Goldendale Observatory State Park Heritage Site
ALERT: Goldendale Observatory is closed until further notice due to COVID 19.
Fledgling astronomers and night photographers, find your bliss at Goldendale Observatory. Set in the hills above the Columbia River, this unique state park heritage site houses one of the nation’s largest, most accessible public telescopes. The site is famous for its dark skies and informative science programs.
Daytime visitors also will find stunning views of the countryside and vivid sunsets, which coincide with moonrise at certain times of year. So, bring your sweetheart, your family, your star-watcher friends and your cameras, and take part in one of the many viewing programs held here.
The main telescope was the brainchild of four Vancouver, Washington-area amateur astronomers who designed and built the instrument in the 1960s over a period of six years, with help from Clark College and its students. Vancouver’s light pollution and cloudy weather precluded siting the telescope in that area, and the builders’ search for a perfect star-gazing spot eventually led them to Goldendale. The telescope was formally donated after the town agreed to build a public observatory to house it.
This day-use park is less than 25 miles from the Maryhill Museum of Art and larger camping parks of Maryhill State Park and Columbia Hills Historical State Park, making the area a fascinating and scenic destination.
Goldendale Observatory is a 5-acre facility on a hilltop 2,100 feet above sea level and 2 miles north of downtown Goldendale. The park, with its large public telescope, has attracted hundreds of thousands of sky-watchers since its dedication in 1973.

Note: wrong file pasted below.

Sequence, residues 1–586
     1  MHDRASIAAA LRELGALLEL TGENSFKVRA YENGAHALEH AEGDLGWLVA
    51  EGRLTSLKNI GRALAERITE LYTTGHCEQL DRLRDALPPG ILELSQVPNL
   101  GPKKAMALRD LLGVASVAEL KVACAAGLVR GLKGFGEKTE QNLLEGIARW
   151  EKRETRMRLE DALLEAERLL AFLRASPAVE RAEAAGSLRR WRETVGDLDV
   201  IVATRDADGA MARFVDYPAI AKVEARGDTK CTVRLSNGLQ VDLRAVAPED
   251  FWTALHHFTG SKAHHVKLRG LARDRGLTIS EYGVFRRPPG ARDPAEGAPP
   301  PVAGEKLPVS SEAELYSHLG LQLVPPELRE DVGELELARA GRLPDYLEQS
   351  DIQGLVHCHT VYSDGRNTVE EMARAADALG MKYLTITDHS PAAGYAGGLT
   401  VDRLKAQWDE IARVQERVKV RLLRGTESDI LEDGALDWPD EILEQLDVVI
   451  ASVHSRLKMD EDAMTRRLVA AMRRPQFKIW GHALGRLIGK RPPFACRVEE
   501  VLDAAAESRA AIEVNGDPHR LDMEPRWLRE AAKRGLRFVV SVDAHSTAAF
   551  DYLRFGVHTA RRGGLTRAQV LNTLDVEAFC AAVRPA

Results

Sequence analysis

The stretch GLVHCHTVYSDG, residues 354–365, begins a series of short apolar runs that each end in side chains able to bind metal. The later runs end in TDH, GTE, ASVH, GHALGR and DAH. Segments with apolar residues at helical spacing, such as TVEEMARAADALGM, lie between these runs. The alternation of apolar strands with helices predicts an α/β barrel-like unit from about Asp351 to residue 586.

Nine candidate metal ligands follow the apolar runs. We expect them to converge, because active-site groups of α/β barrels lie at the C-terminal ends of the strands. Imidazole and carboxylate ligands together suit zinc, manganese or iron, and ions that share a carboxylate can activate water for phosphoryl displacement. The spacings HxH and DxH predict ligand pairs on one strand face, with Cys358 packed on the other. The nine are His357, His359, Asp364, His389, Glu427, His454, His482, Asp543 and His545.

Picnic & day-use facilities
There are two unsheltered picnic tables, available first come, first served.
> ALERT Interpretive opportunities are not available at this time due to COVID 19.
Goldendale Observatory was the designated official headquarters of the National Astronomical League for the total solar eclipse of Feb. 26, 1979; the facility continues to be a major center for viewing significant astronomical events, including the 2017 solar eclipse. Under normal circumstances, the interpretive center offers afternoon observation and evening night-sky tours via one of America's largest public telescopes. Visitor requests will be considered once the facility reopens.
The park has no camping. Camping facilities are nearby at Brooks Memorial or Maryhill state parks. Check into your campsite at these parks before coming to evening programs at the observatory, as the programs run late.
Reservations & fees
Working in the 1960s, four amateur astronomers—Mack McConnell, John Marshall, Don Conner and Omer VanderVelden—built the 24-inch Cassegrain reflecting telescope that is housed at Goldendale Observatory. The men, only one of whom had a college degree, began their project in an astronomy club at Vancouver's Clark College. They spent more than six years designing and assembling the telescope and grinding the glass for its mirror, spending only $3,000 on materials.
Due to light pollution and persistent cloud cover, Vancouver was not an ideal location for astronomical observation. The group set out to find a more suitable location for their telescope. As part of their search, Marshall and his wife made a trip to eastern Washington with Don Conner and stopped to east lunch at a café in Goldendale. They mentioned their project to the café's owner who arranged for them to meet with the town's mayor, George Nesbitt. Eventually, a proposal was developed to create an observatory and science center with a mission of furthering public astronomy education. Funding for construction of the observatory was provided by donations, a federal grant and a bank loan. The observatory was dedicated as a public education center on October 13, 1973.
On February 26, 1979, Goldendale Observatory served as the National Astronomical League's headquarters during a solar eclipse. An estimated 15,000 people showed up to watch the event.
The Goldendale Observatory Corporation, a non-profit, volunteer organization, operated the facility through 1980, when the observatory was acquired by the Washington State Parks and Recreation Commission. The park is one of the largest public observatories in the nation.